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Posts tagged “water car”

By Robert Rapier on Aug 8, 2008 with 3 responses

The Hydrogen Electrolyzer Debunked?

Popular Mechanics just ran the tests and reported on the results: Water-Powered Cars: Hydrogen Electrolyzer Mod Can’t Up MPGs I have told people not to waste their money, but that is just based on the science: It takes more energy to electrolyze water than you get back out of it. In theory, injecting hydrogen could allow you to run at a different compression ratio, which could allow you to derive more useful work out of the engine. Or, it could allow you to run at a different fuel/air ratio. So I don’t necessarily reject it out of hand until I have seen the data, I am just highly skeptical. Popular Mechanics provides some data. The background: Water-powered cars continue to… Continue»

By Robert Rapier on Jun 17, 2008 with 1 response

Fire from Water

Based on some of the comments following my post on the “water car”, I think several people misunderstood the point. It was not to debunk the water car. You can in fact run a car with water as one of the reactants. I could even run a car on crushed ice or Jell-O, if I used the right second reactant. My point was merely to show how a car could be run on water, and to further point out that it requires a second, very reactive substance. In other words, the “water car” is not running solely on water. The other point was that the reactive substance will always take more energy to produce than you will get back from… Continue»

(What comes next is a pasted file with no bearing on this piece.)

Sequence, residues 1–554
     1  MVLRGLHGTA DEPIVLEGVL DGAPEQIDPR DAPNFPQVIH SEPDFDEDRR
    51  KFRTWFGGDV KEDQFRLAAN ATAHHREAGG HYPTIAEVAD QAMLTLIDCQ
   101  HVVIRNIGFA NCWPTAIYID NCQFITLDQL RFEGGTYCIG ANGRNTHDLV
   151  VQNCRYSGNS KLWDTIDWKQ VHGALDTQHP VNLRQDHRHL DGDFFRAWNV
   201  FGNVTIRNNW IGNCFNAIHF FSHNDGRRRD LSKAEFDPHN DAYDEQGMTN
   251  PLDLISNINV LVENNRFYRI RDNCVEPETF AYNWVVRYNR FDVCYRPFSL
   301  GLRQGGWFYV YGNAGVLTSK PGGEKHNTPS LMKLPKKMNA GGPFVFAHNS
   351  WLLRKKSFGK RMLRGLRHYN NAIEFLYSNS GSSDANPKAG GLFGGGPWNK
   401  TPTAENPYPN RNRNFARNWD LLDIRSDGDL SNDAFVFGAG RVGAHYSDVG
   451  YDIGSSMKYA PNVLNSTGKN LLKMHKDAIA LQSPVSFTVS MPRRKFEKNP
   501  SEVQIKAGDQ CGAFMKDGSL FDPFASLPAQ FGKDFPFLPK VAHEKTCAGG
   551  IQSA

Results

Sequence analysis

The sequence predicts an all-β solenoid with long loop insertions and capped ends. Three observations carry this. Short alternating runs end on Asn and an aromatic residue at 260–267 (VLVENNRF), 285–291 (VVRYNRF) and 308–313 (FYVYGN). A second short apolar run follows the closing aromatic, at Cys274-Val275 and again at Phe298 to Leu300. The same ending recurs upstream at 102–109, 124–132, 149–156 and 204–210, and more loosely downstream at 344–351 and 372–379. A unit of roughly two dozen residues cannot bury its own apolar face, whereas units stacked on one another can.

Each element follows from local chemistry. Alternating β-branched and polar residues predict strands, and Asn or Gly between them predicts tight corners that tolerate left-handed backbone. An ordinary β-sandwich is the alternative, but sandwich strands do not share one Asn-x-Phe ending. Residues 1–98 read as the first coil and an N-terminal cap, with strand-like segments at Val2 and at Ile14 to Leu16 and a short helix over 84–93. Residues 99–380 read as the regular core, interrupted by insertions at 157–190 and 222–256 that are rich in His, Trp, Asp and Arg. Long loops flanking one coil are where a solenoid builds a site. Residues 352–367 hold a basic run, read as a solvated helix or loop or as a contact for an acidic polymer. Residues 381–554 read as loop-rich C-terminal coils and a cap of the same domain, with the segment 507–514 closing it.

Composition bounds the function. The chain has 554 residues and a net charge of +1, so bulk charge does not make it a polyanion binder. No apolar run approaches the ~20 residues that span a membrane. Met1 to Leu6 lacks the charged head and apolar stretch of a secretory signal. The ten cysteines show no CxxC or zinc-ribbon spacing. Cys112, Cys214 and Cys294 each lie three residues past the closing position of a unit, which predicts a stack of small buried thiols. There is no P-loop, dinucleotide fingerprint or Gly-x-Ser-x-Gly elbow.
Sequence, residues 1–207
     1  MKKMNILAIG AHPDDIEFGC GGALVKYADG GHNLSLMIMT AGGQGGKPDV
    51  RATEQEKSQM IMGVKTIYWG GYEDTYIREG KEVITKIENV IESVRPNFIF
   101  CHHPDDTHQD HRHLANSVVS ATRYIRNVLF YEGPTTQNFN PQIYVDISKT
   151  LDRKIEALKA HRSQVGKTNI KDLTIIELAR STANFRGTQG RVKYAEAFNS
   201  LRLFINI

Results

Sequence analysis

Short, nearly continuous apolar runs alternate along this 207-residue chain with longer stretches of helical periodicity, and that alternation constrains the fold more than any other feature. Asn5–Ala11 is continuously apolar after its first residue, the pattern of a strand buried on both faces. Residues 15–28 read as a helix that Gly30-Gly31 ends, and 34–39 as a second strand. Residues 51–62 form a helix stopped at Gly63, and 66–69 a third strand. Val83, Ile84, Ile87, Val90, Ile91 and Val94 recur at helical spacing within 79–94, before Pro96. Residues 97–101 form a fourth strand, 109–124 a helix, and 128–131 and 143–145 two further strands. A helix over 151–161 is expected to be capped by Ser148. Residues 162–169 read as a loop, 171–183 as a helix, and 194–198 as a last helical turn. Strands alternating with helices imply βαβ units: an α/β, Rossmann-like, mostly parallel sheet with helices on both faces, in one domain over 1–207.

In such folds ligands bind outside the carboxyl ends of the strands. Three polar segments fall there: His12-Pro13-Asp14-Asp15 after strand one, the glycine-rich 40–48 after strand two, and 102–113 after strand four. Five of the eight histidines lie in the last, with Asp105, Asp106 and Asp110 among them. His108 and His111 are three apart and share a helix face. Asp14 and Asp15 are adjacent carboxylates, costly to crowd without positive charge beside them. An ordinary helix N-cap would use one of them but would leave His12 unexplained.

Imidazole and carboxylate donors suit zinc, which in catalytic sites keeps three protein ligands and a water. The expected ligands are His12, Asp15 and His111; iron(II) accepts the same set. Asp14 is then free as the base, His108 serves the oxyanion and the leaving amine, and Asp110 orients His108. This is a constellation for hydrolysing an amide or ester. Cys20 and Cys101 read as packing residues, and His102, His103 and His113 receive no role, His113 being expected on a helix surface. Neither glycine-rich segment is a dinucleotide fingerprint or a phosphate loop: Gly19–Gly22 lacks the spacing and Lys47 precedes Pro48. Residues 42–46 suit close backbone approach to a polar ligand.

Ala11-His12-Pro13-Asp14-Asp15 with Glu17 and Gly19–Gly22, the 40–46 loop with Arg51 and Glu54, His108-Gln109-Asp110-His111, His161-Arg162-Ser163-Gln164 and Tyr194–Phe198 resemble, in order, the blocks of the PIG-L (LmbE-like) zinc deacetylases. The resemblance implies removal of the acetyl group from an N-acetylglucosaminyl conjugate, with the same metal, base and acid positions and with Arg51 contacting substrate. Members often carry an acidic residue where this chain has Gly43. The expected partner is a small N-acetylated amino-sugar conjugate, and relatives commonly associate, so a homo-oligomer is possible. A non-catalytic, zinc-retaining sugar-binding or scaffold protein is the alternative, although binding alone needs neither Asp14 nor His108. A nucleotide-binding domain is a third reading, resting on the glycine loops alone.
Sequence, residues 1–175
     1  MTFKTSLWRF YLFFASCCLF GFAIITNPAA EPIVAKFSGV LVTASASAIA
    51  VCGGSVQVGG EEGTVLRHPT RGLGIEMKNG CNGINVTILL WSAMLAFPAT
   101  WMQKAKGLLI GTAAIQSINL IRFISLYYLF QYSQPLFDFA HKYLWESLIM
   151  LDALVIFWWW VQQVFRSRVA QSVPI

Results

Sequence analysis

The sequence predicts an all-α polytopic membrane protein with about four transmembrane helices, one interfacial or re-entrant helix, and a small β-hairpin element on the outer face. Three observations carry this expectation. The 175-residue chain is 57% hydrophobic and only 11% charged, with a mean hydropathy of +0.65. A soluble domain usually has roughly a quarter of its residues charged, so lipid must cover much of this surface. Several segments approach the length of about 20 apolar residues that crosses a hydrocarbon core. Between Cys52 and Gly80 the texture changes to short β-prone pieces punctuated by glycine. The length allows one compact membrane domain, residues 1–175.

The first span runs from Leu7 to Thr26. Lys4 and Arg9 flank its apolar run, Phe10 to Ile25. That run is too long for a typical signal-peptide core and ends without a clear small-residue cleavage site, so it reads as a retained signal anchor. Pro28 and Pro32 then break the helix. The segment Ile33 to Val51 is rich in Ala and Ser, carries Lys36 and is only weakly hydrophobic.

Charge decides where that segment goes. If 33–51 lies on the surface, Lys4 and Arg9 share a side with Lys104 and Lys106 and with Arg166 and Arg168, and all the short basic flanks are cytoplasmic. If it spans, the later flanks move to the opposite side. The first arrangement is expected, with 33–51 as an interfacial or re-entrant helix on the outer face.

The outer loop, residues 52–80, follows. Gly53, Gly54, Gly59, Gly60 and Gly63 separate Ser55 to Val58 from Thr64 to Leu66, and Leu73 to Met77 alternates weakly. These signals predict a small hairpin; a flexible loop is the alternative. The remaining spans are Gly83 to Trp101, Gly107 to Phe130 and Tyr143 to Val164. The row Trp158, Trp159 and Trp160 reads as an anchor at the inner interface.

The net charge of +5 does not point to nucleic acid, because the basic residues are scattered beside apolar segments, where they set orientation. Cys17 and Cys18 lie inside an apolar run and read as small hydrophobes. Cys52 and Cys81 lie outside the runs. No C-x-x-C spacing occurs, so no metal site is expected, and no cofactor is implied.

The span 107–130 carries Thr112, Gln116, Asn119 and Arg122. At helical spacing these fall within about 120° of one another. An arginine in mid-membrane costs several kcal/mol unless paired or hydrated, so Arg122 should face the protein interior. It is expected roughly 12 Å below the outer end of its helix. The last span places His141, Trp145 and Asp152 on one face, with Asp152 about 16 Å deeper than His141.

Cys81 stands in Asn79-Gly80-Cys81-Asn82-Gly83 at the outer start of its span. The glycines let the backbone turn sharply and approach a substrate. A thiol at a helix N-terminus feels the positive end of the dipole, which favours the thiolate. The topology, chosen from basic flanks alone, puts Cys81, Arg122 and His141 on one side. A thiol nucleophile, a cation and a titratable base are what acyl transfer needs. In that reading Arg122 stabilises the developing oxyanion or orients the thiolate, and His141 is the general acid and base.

By Robert Rapier on Jun 15, 2008 with no responses

How to Run a Car on Water

Oh, it can be done. There are no scientific laws that say you can’t run a car on water. In fact, I have personally made fire from water on a number of occasions. A Japanese company is the latest to claim they are running a car on water. See the video here: Water-fuel car unveiled in Japan However, what you can’t do is run a car on water without overall energy inputs greater than you get from splitting the water. In simple terms, let’s say you split water to create 10 BTUs of hydrogen. You can then use that to burn in the car, or to operate a fuel cell. When you burn the hydrogen, it reacts with oxygen to… Continue»